After successfully completing this topic, you will be able to explain the various environmental hazards associated with real estate.
Owners whose potable (drinking) water supply comes from a well, rather than a public water supply, must be concerned about groundwater contamination. The contamination could result from leaking underground tanks, pesticides, other waste products. Perhaps the lot was originally from a farm where fuel tanks were stored. Well water should be tested to ensure that it is safe for human consumption. If a test shows issues with the quality of the water, the seller should notify environmental authorities for further testing. The owner has a duty to disclose the contamination to potential buyers.
In some areas that have been affected by draught the level of the water table might require expensive drilling to get adequate supplies of water.
The Safe Drinking Water Act regulates the public water supply. While the act is supposed to protect against contamination, owners and licensees should stay current on any potential issues regarding drinking water.
As many as 63 million Americans have been exposed to potentially unsafe water during the past ten years according to the Environmental Protection Agency. Drinking water crises made headline news in cities like Flint, Michigan and East Chicago, Illinois. These problems caused a substantial loss in property value to the residents of these areas. The owner of property must disclose problems to buyers or face significant damage claims in court.
Florida has an estimated 2.7 million septic tanks that are causing serious environmental problems. Many of these tanks were poorly designed causing leakage into the aquifer. A major problem is the groundwater levels that rise and fall, especially from rising tides in coastal areas.
In Lee County, an inspector discovered that more than 90 percent of the drain fields in old septic systems were less than 2 feet above the high-water table. In addition, the filtration of the soil does not remove nitrogen, which goes into the groundwater. Many experts link septic tanks to algae blooms and red tide in coastal areas.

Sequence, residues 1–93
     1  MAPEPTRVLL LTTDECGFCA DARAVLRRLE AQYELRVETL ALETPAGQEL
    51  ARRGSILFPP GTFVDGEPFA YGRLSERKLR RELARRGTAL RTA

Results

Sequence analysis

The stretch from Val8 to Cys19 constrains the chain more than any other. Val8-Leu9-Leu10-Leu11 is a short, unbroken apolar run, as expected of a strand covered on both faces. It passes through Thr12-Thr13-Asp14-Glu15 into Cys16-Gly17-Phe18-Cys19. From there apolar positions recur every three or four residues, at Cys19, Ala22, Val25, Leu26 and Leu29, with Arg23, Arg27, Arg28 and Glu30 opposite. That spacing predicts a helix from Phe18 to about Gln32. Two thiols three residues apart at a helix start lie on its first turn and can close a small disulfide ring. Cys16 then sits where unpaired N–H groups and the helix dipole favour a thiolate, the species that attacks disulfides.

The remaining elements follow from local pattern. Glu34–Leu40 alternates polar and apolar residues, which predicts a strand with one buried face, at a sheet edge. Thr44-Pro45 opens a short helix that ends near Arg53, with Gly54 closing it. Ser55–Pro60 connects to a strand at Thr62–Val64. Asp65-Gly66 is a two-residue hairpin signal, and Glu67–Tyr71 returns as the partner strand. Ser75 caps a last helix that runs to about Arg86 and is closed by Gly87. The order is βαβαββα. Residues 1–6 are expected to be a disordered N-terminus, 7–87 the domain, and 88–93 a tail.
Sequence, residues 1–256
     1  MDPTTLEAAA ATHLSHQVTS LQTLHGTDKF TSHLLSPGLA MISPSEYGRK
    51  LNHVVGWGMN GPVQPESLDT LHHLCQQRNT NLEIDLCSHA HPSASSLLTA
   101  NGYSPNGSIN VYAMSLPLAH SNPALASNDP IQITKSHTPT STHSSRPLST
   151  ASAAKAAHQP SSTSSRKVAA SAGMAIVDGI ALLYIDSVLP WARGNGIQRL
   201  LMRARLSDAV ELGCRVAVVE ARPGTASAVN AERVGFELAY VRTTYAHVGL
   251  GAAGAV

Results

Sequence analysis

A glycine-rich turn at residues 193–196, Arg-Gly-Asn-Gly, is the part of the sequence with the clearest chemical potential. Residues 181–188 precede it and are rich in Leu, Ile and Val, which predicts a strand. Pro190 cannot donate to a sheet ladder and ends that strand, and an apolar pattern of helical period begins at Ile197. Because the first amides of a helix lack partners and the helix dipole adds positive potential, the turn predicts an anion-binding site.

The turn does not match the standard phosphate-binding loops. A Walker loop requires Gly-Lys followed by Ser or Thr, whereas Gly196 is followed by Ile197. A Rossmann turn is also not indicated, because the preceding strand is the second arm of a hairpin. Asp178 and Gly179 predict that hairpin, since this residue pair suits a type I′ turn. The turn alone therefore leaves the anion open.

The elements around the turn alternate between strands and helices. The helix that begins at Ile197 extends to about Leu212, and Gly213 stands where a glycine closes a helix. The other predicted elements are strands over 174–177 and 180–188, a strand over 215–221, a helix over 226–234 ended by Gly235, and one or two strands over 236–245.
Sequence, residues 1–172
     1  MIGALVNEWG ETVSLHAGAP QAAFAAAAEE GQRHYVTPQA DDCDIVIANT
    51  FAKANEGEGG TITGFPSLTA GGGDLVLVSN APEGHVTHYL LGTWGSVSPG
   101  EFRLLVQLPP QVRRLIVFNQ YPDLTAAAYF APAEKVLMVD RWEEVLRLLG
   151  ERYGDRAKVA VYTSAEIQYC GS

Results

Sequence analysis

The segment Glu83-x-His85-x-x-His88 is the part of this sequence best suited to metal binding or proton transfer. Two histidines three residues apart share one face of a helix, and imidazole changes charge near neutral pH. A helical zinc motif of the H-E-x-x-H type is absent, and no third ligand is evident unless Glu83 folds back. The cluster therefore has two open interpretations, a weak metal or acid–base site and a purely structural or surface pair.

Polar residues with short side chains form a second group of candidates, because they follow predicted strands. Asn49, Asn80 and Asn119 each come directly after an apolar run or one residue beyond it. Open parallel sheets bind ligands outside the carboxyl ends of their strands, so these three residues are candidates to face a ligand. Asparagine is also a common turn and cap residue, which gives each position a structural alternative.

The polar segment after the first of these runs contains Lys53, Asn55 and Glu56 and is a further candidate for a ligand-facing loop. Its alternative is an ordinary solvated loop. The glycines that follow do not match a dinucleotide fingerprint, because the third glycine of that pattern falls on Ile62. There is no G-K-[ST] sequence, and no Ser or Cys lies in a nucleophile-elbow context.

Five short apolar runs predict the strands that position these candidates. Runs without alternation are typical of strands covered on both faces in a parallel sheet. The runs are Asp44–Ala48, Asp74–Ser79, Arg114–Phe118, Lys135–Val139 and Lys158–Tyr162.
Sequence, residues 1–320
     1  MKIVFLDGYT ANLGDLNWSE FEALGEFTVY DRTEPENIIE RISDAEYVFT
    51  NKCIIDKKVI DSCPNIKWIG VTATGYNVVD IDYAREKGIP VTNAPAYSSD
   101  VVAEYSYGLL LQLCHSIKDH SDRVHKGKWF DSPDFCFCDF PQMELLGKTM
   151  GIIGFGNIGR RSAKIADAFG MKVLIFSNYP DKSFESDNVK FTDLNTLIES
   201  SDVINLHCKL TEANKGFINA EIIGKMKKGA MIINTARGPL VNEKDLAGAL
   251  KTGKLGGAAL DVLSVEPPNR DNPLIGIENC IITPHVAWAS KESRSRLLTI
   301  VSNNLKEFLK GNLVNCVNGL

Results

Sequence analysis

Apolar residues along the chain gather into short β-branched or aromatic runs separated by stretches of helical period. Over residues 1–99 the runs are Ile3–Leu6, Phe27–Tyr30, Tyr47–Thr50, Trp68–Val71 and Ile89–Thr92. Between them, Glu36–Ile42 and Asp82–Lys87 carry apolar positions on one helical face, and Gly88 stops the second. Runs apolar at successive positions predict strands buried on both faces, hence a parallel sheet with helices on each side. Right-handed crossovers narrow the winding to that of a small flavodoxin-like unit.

Buyers should order a septic tank inspection before purchasing a home to reduce future issues.
Asbestos is a group of six naturally occurring fibrous minerals composed of thin, needle-like fibers. Because of its fire-retardant properties, it was used as insulation in many older buildings. Asbestos products also include vinyl asbestos tiles, asbestos cement, asbestos roofing felt, asbestos adhesives, sealants and coatings. Friable asbestos is quite dangerous because it is easy to break or crumble, and is found on old asbestos pipe insulation and talcum powder. Nonfriable asbestos is found in vinyl tiles and asbestos siding, and is not a hazard if left undisturbed.
Exposure to asbestos causes cancer, including mesothelioma and asbestosis. Although asbestos strengthens and fireproofs materials, it is banned in many countries, but not in the United States. Buyers of older properties should have them inspected for asbestos.
Radon is a naturally occurring radioactive gas that can cause lung cancer. You can’t see or smell radon. Radon enters a building from the ground through openings like plumbing pipes and cracks in the slab. Off-grade homes are not as susceptible to radon. Most areas of Florida are lower risk areas for radon. Higher risk areas include Miami-Dade County, Hillsborough County, Alachua County north to the Georgia line, and Leon County.
Testing is the only way to know level of exposure. A buyer should fix the home if the radon level is higher than 4 picocuries per liter of air. Florida law mandates that a radon disclosure be given to buyers. The disclosure informs the buyers about the gas and its effects, but does not require a test.
|Required Radon Gas Disclosure |
“RADON GAS: Radon is a naturally occurring radioactive gas that, when it has accumulated in a building in sufficient quantities, may present health risks to persons who are exposed to it over time. Levels of radon that exceed federal and state guidelines have been found in buildings in Florida. Additional information regarding radon and radon testing may be obtained from your county health department.”
Lead paint was used in homes built before 1978, when the practice was outlawed. Lead is a highly toxic metal that may cause a range of health problems, especially in young children. When lead is absorbed into the body, it can cause damage to the brain and other vital organs, like the kidneys, nerves and blood.
Lead may also cause behavioral problems, learning disabilities, seizures and in extreme cases, death. Some symptoms of lead poisoning may include headaches, stomach aches, nausea, tiredness and irritability. Some children who are lead poisoned may show no symptoms.